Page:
Harrison’s departure comes following a media spectacle of a controversy that erupted when the longtime host made racially insensitive comments, defending a contestant from the franchise.
Numerous insiders tell Variety that Harrison wanted to stay with the hit franchise, which he has hosted since it premiered in 2002. Harrison is said to be very passionate about Bachelor Nation, and was hoping to make it work to keep his job. But as the situation escalated, his team became outraged with the dragging-out process and was unhappy with the network and studio not publicly supporting Harrison, since he has been with the show since the very beginning and is an integral part of its success. Within the past few days, Harrison’s lawyer began to quickly explore an exit package.
In the midst of all the off-screen drama, Harrison had hired power attorney Bryan Freedman, who represented Megyn Kelly in her $69 million exit deal from NBC News and also Gabrielle Union in her highly publicized departure from NBC’s “America’s Got Talent.”
Representatives for Harrison did not respond to Variety‘s request for comment.
Warner Horizon and ABC Entertainment issued a joint statement confirming Harrison’s departure: “Chris Harrison is stepping aside as host of ‘The Bachelor’ franchise. We are thankful for his many contributions over the past 20 years and wish him all the best on his new journey.”
Harrison made a statement, posting to his Instagram, “I’ve had a truly incredible run as host of ‘The Bachelor’ franchise and now I’m excited to start a new chapter. I’m so grateful to Bachelor Nation for all of the memories we’ve made together. While my two-decade journey is wrapping up, the friendships I’ve made will last a lifetime.”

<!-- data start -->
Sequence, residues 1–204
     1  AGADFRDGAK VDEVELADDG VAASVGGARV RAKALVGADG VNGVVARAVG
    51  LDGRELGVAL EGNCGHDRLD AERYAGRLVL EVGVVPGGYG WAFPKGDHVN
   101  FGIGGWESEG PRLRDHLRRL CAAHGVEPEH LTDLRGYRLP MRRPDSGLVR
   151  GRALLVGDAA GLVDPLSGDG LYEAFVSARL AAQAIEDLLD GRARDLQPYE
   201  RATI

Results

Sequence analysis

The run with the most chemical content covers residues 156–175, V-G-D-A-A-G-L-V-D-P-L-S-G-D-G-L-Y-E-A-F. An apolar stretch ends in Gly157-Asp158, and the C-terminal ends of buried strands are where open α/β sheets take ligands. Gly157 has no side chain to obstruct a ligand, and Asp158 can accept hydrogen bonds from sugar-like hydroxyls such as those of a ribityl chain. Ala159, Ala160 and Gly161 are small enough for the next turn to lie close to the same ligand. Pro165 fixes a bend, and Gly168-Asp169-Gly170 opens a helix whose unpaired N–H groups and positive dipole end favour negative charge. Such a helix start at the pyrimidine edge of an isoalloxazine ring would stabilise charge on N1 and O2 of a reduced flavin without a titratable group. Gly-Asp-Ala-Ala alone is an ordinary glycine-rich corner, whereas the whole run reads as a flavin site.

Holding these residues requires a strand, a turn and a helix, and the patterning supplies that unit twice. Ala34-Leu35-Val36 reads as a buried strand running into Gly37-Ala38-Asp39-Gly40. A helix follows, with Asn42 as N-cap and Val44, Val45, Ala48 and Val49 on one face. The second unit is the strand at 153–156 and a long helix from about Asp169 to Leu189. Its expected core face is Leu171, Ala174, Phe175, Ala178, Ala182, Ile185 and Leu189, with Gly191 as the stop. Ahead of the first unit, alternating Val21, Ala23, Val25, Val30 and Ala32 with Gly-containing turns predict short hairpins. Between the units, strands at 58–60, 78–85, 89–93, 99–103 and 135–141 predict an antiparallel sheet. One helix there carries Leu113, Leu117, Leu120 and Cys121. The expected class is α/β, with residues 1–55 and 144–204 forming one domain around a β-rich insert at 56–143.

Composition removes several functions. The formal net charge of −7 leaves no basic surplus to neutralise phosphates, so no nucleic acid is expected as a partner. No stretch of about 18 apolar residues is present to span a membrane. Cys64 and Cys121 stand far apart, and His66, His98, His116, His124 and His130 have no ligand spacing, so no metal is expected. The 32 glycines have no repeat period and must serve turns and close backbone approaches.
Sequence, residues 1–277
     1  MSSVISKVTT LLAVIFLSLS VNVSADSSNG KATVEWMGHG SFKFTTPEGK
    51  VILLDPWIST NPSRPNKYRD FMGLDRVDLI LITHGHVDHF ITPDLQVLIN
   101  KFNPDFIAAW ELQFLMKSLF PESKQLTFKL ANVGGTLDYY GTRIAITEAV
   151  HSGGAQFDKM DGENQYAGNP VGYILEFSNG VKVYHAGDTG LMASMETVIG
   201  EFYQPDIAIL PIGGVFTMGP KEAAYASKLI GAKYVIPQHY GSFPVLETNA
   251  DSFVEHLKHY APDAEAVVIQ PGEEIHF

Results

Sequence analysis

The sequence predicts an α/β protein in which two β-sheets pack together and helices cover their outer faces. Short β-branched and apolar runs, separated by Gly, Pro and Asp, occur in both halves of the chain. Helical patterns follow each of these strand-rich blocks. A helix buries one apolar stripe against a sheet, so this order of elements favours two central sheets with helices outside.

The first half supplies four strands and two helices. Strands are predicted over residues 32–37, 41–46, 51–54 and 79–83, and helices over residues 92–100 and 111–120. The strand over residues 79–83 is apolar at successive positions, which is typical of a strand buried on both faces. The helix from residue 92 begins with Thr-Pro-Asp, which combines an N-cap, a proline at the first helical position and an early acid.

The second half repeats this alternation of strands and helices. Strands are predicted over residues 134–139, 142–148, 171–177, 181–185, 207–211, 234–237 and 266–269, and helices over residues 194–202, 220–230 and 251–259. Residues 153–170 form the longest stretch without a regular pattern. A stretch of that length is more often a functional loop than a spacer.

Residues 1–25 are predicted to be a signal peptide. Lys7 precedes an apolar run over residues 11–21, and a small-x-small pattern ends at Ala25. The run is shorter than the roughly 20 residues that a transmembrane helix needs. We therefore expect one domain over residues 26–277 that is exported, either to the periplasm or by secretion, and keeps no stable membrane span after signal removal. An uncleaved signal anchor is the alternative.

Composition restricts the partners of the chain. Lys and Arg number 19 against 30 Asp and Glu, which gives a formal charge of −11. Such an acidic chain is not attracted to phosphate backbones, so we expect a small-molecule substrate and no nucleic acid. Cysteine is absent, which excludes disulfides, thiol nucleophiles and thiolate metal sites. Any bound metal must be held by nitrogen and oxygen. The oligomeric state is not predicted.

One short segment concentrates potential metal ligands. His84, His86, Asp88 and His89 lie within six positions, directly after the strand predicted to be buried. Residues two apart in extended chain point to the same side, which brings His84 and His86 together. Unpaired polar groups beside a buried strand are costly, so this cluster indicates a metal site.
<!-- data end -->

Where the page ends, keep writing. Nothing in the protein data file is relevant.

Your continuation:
Harrison has been on the sidelines and embroiled in controversy ever since February when he made highly criticized comments during an interview about the controversy surrounding “The Bachelor” contestant Rachael Kirkconnell, who ended up winning the season with Matt James, the first-ever Black lead of the dating series. Kirkconnell attended an antebellum-themed fraternity party in 2018, while she was a college student, and when the controversial images resurfaced on social media this year, Harrison defended Kirkconnell during an interview with former “Bachelorette” Rachel Lindsay on “Extra.”
The current season of “The Bachelorette,” which premiered last night, is being hosted by former fan-favorite “Bachelorette” stars Kaitlyn Bristowe and Tayshia Adams, who received warm reception on social media during the episode last night.
Last week, Variety reported that Harrison would not return to “Bachelor In Paradise” this summer — that announcement sped up negotiations behind the scenes, specifically, after David Spade was announced as one of the rotating hosts for the summer dating series. Harrison’s team was perplexed at the choice of a white man who has spoken out against “cancel culture,” having defended former fired “SNL” cast member Shane Gillis, a few years back. (However, Variety is hearing that Spade is not the sole rotating host, and will be joined by a number of other celebrity comedians.)